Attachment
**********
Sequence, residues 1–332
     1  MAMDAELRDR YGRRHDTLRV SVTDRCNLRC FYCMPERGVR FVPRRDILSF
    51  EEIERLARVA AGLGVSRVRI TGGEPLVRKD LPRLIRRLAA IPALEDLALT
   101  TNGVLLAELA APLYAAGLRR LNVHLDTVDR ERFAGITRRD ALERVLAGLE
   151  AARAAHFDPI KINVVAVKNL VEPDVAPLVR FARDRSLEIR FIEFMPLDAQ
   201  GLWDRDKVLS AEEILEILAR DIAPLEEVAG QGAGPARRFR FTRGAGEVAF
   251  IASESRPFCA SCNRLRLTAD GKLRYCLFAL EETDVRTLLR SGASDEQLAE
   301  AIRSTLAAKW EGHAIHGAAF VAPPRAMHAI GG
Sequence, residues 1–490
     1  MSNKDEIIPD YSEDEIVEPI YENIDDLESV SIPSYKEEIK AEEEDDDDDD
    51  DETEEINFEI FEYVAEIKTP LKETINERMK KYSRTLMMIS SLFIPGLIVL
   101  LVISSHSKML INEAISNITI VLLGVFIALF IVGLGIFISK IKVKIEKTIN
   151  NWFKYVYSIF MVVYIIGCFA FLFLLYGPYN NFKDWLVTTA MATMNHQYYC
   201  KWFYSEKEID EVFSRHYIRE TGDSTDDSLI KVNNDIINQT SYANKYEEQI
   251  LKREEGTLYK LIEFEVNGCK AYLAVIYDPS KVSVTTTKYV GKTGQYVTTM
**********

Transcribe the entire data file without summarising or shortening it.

Sequence, residues 1–332
     1  MAMDAELRDR YGRRHDTLRV SVTDRCNLRC FYCMPERGVR FVPRRDILSF
    51  EEIERLARVA AGLGVSRVRI TGGEPLVRKD LPRLIRRLAA IPALEDLALT
   101  TNGVLLAELA APLYAAGLRR LNVHLDTVDR ERFAGITRRD ALERVLAGLE
   151  AARAAHFDPI KINVVAVKNL VEPDVAPLVR FARDRSLEIR FIEFMPLDAQ
   201  GLWDRDKVLS AEEILEILAR DIAPLEEVAG QGAGPARRFR FTRGAGEVAF
   251  IASESRPFCA SCNRLRLTAD GKLRYCLFAL EETDVRTLLR SGASDEQLAE
   301  AIRSTLAAKW EGHAIHGAAF VAPPRAMHAI GG
Sequence, residues 1–490
     1  MSNKDEIIPD YSEDEIVEPI YENIDDLESV SIPSYKEEIK AEEEDDDDDD
    51  DETEEINFEI FEYVAEIKTP LKETINERMK KYSRTLMMIS SLFIPGLIVL
   101  LVISSHSKML INEAISNITI VLLGVFIALF IVGLGIFISK IKVKIEKTIN
   151  NWFKYVYSIF MVVYIIGCFA FLFLLYGPYN NFKDWLVTTA MATMNHQYYC
   201  KWFYSEKEID EVFSRHYIRE TGDSTDDSLI KVNNDIINQT SYANKYEEQI
   251  LKREEGTLYK LIEFEVNGCK AYLAVIYDPS KVSVTTTKYV GKTGQYVTTM